Egypt revisits FSRU import plan
Egypt’s state-run Egyptian Natural Gas Holding Co (EGAS) is preparing to again consider a floating LNG import project after numerous stalls in the process.
The company is expected to close a fresh tender for a floating storage regasification unit (FSRU) on 29 October which would allow Egypt to start importing LNG at a Red Sea location as early as March or April 2014, sources close to the tender process told ICIS.
The latest tender comes on the back of previous failed attempts at securing an FSRU provider in November 2012 and March 2013 ( see GLM 9 November 2012 ).
As many as 17 companies were initially invited to supply and provide LNG infrastructure over the course of previous tender rounds, but the requested lead times to bring an FSRU on line and operational in Egypt have always limited the number of realistic bidders.
Only two FSRU providers are understood to have tonnage to offer EGAS for the targeted March/April 2014 start-up – US-based Excelerate Energy and Oslo-headquartered Hoegh LNG.
Hoegh LNG is likely to offer its 145,000 cubic metre (cbm) GDF SUEZ Neptune as an FSRU, providing it comes to an agreement with GDF SUEZ, the vessel’s term charterer. The vessel has already been allocated to GDF SUEZ’s Uruguay FSRU project from March 2015 onwards, but Hoegh LNG has another uncommitted FSRU coming out of the shipyard at the same time which could be used to replace the GDF SUEZ Neptune, should it be selected for the Egypt project.
Excelerate, whose fleet of eight FSRU vessels is partly used as LNG carriers, could offer EGAS two different FSRU specifications. The US-based company has the 138,000cbm Excelerate and 150,900cbm Explorer or Expedient available for the March/April targeted start-up, ICIS understands. The Explorer is currently the seasonal Kuwaiti FSRU, but with rival FSRU provider Golar having been awarded the next five-year contract for the floating Mina Al-Ahmadi import terminal from 2014 to 2019, the Explorer joins the list of available Excelerate vessels and also removes any chance of Golar competing in the Egypt tender.
The proposed site on Egypt’s Red Sea coast is understood to have been selected for two reasons. Firstly, the necessary interconnections with the Egyptian pipeline grid and local industry have been deemed amenable within the fast-track time frame that EGAS is targeting. Secondly, it relieves Middle East suppliers, principally Qatar, of the need to pay Suez Canal transit fees.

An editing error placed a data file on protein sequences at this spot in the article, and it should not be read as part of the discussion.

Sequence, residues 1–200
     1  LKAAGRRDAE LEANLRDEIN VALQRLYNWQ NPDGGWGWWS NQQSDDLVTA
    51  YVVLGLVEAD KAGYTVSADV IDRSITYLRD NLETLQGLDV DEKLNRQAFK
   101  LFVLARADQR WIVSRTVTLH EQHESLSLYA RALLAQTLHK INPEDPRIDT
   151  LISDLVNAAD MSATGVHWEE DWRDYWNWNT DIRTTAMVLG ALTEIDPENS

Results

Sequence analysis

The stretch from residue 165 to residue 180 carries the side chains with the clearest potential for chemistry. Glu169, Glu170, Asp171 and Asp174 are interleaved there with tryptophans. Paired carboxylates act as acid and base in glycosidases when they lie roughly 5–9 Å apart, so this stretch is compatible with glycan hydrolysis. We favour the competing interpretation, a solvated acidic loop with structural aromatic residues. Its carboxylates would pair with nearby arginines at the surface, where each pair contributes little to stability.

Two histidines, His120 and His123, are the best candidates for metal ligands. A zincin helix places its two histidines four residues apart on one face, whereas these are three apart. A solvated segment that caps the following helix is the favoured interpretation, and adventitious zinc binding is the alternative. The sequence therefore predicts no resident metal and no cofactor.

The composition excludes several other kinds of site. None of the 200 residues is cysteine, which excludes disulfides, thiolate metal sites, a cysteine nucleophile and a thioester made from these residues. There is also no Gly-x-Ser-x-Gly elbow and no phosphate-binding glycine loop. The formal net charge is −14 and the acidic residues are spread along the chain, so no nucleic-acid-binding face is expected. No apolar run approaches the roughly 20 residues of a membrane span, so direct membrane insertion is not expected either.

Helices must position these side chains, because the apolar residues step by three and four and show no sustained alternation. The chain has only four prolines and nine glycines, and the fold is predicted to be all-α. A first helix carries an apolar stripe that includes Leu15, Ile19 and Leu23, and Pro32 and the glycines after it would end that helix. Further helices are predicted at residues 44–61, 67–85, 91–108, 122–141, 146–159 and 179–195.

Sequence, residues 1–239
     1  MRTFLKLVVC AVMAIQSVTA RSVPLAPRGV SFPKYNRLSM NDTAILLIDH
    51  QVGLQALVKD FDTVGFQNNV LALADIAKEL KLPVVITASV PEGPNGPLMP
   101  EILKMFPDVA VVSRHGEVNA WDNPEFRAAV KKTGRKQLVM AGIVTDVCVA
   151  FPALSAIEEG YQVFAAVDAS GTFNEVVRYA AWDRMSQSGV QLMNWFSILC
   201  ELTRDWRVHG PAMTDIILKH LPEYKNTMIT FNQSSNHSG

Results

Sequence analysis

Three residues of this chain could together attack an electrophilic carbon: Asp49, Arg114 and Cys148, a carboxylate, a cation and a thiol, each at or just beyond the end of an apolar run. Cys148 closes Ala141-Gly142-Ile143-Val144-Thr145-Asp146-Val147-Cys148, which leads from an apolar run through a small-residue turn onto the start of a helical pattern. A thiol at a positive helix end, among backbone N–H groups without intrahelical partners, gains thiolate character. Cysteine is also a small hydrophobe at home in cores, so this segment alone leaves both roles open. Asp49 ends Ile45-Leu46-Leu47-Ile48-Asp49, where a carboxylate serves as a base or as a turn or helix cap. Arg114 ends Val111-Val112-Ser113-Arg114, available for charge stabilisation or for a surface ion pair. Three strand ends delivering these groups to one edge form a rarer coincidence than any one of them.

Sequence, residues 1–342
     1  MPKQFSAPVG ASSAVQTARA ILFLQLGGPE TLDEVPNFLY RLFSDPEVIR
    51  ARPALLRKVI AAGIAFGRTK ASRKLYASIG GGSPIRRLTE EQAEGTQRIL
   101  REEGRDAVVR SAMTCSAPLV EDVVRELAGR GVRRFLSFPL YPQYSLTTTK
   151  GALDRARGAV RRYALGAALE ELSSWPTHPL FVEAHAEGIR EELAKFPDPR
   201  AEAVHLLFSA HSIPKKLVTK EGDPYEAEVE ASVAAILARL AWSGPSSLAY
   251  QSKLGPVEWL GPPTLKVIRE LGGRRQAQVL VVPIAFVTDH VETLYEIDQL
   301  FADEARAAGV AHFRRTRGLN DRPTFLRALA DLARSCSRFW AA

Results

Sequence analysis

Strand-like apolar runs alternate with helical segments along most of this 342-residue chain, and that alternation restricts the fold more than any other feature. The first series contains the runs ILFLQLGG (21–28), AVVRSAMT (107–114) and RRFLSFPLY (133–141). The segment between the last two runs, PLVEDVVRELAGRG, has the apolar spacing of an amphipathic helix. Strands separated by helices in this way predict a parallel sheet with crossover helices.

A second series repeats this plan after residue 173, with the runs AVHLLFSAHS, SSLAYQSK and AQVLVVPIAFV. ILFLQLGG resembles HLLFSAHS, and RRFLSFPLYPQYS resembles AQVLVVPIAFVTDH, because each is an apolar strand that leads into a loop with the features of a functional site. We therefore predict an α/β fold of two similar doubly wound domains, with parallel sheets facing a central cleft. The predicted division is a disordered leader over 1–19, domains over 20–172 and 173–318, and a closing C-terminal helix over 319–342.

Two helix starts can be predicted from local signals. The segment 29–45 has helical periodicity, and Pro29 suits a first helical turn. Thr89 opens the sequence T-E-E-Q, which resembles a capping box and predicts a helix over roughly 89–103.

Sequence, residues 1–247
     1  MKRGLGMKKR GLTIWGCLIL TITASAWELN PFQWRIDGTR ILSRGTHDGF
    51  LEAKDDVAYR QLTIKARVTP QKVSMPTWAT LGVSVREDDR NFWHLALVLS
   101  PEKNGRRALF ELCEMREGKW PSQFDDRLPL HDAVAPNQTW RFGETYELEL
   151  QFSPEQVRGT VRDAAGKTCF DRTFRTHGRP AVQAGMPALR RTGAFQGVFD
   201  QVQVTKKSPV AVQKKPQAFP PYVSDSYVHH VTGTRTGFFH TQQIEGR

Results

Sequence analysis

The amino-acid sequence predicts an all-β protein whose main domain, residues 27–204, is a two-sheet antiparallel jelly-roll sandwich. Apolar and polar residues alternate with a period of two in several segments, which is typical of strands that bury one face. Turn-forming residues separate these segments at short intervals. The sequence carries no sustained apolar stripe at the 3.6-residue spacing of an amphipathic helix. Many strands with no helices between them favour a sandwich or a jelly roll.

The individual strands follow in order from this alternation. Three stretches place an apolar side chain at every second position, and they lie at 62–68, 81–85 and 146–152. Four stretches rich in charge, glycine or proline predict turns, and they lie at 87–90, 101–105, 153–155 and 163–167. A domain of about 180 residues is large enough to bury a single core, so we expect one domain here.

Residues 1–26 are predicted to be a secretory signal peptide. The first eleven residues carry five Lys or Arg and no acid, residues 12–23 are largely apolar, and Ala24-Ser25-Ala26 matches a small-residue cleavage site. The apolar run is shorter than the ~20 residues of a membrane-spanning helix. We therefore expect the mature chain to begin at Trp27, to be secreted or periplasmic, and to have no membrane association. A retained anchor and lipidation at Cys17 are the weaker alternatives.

In late 2012, Egyptian private equity firm Citadel Capital and a group Qatari investors formed a joint venture to contend in earlier FSRU and LNG supply rounds. Citadel is expected to participate through a consortium with potential LNG and FSRU suppliers in the latest tender given its lack of access to volumes or infrastructure.
“Citadel Capital is always interested to participate within a consortium in LNG regasification and distribution as part of its core business,” a spokeswoman said on 22 October.
Gas demand on the rise
Egypt’s soaring domestic demand for gas has impacted existing export producers such as UK portfolio seller BG Group and GDF SUEZ at the 7.2mtpa Idku plant and Spain’s Union Fenosa Gas at the 5.5mtpa Damietta plant.
As a result of LNG feedgas diverted to domestic usage, the Damietta LNG plant has stopped exporting since December 2012 and the Idku LNG plant operated a reduced loading schedule over the summer of 2013.
The impetus to fast-track LNG imports into the country is key to helping Egypt maintain its long-term contractual export obligations, combined with its rising domestic demand and falling domestic production.
In order to help improve relationships within the international business community and encourage further domestic exploration and production, EGAS arranged to back-fill five lost Idku cargoes over the summer through an inter-governmental agreement with Qatar and sources say the Damietta LNG plant may also start to export again in late November.
Before it can expect an uptick in domestic production, however, it will need to fill the demand gap from somewhere. The country’s natural gas transmission capacity has grown almost sixfold since 1997, reaching 205 million cubic metres (mcm)/day by the end of year 2012, according to state-owned grid operator GASCO. Meanwhile, the country’s gas consumption is skewed towards summer with peak demand for air-conditioning.
The latest FSRU tender round is likely to determine whether EGAS will continue to seek back-fill cargoes over the hot summer months or whether it will import physical LNG into the country.
Talks to secure 13 supplementary Qatari cargoes in August broke down because of disagreements on price ( see GLM 22 August 2013 ).
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